Georgia Gov. Brian Kemp, who won re-election after surviving a primary challenge boosted by Trump to outscore Trump’s Senate nominee Herschel Walker on Tuesday, took an unusual swipe at Trump in his victory speech. He hit back at criticism from “presidents, both current and former,” of his early move to lift pandemic restrictions.

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Midterms are inevitably a referendum on the party in power, but Trump has announced one this year as well. Although not on the ballot itself, he was on the “Trump ticket,” as he called it, on the list of endorsed candidates in key states. How these candidates fare in the vote count is sure to fuel disagreements within the Republican Party over the electoral viability of Trump’s “Make America Great Again” movement after defeats in 2018 and 2020.

Their success would encourage hard-liners to push ahead with shaping the party in Trump’s image, and the loss of seats won would heighten concerns that Trump’s grip on the party is hurting its appeal to independents and swing voters who decide on close elections.

“Trump’s candidates have been a hindrance to the party and all of our candidates,” said Bill Palatucci, a New Jersey Republican National Committeeman and Trump critic, who said Democrats wanted to send a message against Trump and his supporters. he was not on the ballot. “We constantly had to distance ourselves from their support for the former president.”

Trump has arguably had the biggest impact on this cycle’s GOP primaries, with about 82 percent of his endorsements (not including incumbents) winning, according to a Washington Post analysis. In some cases, Mr. Trump has chosen to join candidates who are already in the running for victory, such as Pennsylvania gubernatorial candidate Doug Mastriano. But for others, like Mehmet Oz, the Senate primary challenger in the same state, Trump’s support was clearly decisive. But on Tuesday night, Mastriano was predicted to lose badly, with Oz trailing in a tight race.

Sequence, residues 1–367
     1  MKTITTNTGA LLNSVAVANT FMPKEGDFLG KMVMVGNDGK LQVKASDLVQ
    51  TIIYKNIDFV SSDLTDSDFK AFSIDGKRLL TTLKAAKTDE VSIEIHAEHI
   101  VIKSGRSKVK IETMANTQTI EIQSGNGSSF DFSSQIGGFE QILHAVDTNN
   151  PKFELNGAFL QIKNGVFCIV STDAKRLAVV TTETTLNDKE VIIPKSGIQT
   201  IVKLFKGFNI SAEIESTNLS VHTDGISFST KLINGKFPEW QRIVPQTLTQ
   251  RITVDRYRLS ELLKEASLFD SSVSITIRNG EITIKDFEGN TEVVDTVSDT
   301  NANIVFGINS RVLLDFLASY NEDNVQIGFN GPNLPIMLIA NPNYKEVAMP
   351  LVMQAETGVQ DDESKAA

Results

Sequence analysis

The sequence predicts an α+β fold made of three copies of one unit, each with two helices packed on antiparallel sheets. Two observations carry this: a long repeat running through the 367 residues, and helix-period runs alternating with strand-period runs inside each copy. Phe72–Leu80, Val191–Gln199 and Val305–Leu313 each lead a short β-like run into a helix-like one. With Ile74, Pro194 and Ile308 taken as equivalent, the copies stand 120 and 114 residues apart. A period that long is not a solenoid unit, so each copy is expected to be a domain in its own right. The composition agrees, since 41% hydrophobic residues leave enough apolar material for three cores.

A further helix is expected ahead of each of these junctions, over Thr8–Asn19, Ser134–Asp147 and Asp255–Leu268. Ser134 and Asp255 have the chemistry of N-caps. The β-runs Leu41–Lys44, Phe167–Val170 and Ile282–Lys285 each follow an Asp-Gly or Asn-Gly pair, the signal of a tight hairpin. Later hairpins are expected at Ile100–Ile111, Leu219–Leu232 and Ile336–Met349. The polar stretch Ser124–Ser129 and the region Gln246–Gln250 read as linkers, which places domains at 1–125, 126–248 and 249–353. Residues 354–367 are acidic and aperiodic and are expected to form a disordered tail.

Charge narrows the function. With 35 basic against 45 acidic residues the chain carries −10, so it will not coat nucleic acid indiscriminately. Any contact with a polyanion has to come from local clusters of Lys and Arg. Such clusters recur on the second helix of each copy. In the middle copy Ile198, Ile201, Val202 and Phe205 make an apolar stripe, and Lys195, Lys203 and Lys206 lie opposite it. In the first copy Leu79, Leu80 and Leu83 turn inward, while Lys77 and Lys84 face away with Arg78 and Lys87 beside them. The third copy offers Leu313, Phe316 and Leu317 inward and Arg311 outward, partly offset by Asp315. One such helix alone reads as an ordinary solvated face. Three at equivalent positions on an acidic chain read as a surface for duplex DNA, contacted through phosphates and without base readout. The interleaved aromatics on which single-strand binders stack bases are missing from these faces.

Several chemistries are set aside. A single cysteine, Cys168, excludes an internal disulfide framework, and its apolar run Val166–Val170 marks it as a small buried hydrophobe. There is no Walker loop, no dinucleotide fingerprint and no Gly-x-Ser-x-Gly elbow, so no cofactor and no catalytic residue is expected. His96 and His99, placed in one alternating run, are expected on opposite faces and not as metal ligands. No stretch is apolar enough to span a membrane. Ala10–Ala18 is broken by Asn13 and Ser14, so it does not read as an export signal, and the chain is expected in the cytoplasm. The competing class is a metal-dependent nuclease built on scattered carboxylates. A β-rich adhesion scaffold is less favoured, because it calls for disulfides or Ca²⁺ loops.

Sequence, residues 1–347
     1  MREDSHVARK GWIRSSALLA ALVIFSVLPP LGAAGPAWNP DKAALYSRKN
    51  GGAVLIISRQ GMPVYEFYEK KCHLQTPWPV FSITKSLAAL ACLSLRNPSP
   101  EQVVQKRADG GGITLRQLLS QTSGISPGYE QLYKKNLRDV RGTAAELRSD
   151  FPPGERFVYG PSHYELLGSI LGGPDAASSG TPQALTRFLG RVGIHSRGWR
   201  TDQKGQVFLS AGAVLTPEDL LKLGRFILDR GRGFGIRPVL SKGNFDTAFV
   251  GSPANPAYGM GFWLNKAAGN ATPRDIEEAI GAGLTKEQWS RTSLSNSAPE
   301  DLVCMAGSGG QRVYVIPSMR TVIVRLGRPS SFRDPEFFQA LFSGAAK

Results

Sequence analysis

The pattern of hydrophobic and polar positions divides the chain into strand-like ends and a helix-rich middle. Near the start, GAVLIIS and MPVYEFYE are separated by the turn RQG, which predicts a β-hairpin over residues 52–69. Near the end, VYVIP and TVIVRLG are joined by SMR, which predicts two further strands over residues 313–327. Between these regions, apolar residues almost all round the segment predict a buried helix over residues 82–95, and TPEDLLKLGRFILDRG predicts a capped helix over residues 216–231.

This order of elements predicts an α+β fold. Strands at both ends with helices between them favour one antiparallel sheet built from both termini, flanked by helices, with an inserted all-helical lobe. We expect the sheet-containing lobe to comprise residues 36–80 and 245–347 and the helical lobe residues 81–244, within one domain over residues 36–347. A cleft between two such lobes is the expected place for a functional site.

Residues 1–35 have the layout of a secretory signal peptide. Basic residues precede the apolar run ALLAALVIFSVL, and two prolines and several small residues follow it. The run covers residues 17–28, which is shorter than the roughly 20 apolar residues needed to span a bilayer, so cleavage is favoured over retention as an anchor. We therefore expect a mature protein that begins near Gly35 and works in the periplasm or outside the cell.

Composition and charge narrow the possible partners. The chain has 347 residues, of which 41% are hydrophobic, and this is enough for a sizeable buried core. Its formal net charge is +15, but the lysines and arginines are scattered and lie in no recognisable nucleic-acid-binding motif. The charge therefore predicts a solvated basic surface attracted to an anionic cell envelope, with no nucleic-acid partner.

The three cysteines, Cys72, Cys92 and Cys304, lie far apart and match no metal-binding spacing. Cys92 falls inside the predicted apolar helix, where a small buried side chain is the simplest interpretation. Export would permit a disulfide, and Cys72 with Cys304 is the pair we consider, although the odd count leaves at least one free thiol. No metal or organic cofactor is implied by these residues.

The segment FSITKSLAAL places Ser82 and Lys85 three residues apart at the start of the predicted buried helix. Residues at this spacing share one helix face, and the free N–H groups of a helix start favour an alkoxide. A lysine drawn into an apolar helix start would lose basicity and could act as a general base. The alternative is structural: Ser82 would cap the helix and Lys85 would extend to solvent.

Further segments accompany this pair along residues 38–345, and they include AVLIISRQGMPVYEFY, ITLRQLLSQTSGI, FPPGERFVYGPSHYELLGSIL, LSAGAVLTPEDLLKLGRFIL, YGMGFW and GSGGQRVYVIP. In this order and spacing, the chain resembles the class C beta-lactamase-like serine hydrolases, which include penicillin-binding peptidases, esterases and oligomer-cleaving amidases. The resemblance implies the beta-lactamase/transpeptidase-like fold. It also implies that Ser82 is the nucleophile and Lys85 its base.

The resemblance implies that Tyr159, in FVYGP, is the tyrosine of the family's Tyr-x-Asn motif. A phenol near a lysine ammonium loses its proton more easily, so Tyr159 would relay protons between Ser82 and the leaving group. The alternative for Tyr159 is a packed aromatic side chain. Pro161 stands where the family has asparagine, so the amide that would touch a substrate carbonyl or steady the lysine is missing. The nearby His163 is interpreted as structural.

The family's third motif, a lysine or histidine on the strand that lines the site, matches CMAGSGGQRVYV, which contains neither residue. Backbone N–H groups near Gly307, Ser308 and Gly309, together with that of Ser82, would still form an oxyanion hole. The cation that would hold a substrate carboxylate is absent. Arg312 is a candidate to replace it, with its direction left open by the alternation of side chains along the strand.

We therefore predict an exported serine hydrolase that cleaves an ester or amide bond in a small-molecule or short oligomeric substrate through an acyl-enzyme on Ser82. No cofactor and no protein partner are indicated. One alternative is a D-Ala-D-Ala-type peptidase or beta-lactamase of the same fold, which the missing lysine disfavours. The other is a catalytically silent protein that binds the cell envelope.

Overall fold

Trump sought to claim the Republican gains, and his team pointed to his 30 rallies, 50 in-person fundraisers, 60 teleconferences and phone calls, and more than $16 million.

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“Well, I think if they win, I should get all the credit,” he said in an interview with NewsNation on Tuesday. “If they lose, I shouldn’t be to blame.”

Trump was determined to be in the spotlight Tuesday night, throwing a big party in his club’s gilded ballroom, inviting current and former advisers to see him speak with flags. He planned to interview staff later this week and, according to multiple advisers, planned to make a presidential announcement next week.

Anticipating a Republican wave, Trump wanted to go so far as to announce his presidential candidacy before Election Day, according to people familiar with the discussions. But advisers talked him out of it, saying he could drown out other news or be accused of mobilizing Democratic activity.

Although advisers managed to push back an official announcement, Trump has been increasingly vocal about his intentions, telling supporters they will be “very happy” “very soon” and finally promising a “very special announcement” to the next at Monday’s rally. November 15, Tuesday.

Part of his urgency, aides said, was his desire to pressure other Republicans to rally behind him and clear the field of potential challengers, especially DeSantis.

Trump more than other potential 2024 DeSantis has been targeted by rivals, eyeing his big crowds and increasingly frustrated by his positive news, calling him ungrateful for Trump’s support in his 2018 campaign. campaign, allies say. He tried a number of aliases and attacks before landing on “Ron DeSanctimonyous” last week; advisers said the reception was mixed, and he did not use it again this weekend.

On Monday night, Trump attacked DeSantis while speaking to reporters on his plane, even threatening to release damaging information about him if he fled.

“If he ran, I’ll say things about him that won’t be very flattering. I know more about him than anyone except maybe his wife, who actually runs his campaign,” Trump told a small group of reporters in the Wall Street Journal.

“I think if he runs, he could get seriously injured,” he said.